Testing confirmed emergence in Kansas of more than 10,000 cases of the Delta variant of COVID-19 and documented 25 instances of the Omicron mutation, while public health reports showed more than 1,000 hospitalizations and 250 fatalities linked to the virus so far in December.

Medical professionals in Kansas attributed the rise in hospital patients to the Delta version of COVID-19. In Kansas, an Omicron spike in hospitalization could arrive in January.

“I, like everyone else, was hoping that the Delta was the worst we were going to see and then we were going to get past that and we could move on to more normal,” said Gov. Laura Kelly. “I think Omicron has taken everybody a bit by surprise — the fact that it is so transmittable.”

She said growth in COVID-10 hospitalizations placed stress on health facilities expected to care for the typical caseload of patients and those requiring post-release rehabilitation services. The compounding burnout is prompting resignations and retirements among health workers, she said.

On Monday, the Kansas Department of Health and Environment reported 512,461 infections, 16,846 hospitalizations and 6,964 deaths attributed to coronavirus since March 2020. So far in December, KDHE confirmed 42,694 cases, 1,064 hospitalizations and 259 fatalities.

In terms of vaccinations among Kansans 12 years of age or older, the state health agency said 66% were fully vaccinated as of Dec. 17. The highest rates of vaccination among the state’s 105 counties: Geary, 81%; Johnson, 80%; Graham, 79%; Jackson, 70% and Brown, 67%. The lowest rates of vaccination by county: Neosho, 30%; Elk, 37%; Linn, 38%; Sheridan and Riley, both 40%.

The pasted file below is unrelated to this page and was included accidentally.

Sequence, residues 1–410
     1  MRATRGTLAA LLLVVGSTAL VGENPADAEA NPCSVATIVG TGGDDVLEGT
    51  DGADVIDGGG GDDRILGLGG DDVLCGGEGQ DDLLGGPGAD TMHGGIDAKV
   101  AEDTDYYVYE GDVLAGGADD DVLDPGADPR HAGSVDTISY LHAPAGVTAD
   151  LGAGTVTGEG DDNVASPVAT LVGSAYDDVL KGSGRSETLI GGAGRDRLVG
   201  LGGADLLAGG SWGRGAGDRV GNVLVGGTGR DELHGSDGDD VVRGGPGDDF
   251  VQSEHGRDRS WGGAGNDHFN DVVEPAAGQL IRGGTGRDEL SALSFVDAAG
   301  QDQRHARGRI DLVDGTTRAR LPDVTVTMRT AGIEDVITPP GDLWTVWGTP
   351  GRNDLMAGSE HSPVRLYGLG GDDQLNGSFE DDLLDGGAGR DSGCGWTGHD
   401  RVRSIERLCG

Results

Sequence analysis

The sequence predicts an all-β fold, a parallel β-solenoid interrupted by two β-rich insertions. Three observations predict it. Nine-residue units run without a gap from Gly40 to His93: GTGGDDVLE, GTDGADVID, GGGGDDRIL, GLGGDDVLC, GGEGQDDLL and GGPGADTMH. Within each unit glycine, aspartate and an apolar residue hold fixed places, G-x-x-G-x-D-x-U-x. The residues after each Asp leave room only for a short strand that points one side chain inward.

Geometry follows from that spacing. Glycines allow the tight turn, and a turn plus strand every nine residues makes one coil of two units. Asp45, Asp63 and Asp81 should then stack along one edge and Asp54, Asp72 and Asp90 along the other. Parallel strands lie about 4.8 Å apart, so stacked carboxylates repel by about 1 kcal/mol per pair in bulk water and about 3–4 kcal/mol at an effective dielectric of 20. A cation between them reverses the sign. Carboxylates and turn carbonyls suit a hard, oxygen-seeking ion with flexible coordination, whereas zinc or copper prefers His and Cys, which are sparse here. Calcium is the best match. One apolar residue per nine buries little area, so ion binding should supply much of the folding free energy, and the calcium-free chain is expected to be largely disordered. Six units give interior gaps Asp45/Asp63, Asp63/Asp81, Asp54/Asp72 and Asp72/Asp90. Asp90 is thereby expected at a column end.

The lowest infection rates among Kansas counties per 100,000 population: Stevens, 10 per 100,000; Gray, 12; Stanton, 14; Hamilton, 17; and Ottawa, 20. Highest infection rates by county: Wabaunsee, 161 per 100,000; Harper, 155; Woodson and Chautauqua, 132; and Allen, 125.

Physician Chris Brown, a hospitalist at the University of Kansas Health System in Kansas City, Kansas, said people should pay attention to symptoms of COVID-19 and seek medical assistance before the virus had time to cause serious illness. Common symptoms include fever, chills, cough, shortness of breath, fatigue, muscle aches, headache, loss of smell or taste, sore throat, congestion, nausea and diarrhea.

Last week, KUHS was treating 64 people with the active COVID-19 virus. Only three of those patients had received a vaccination for coronavirus.

“Listen to evidence-based medicine,” Brown said. “Get vaccinated. Get your booster.”

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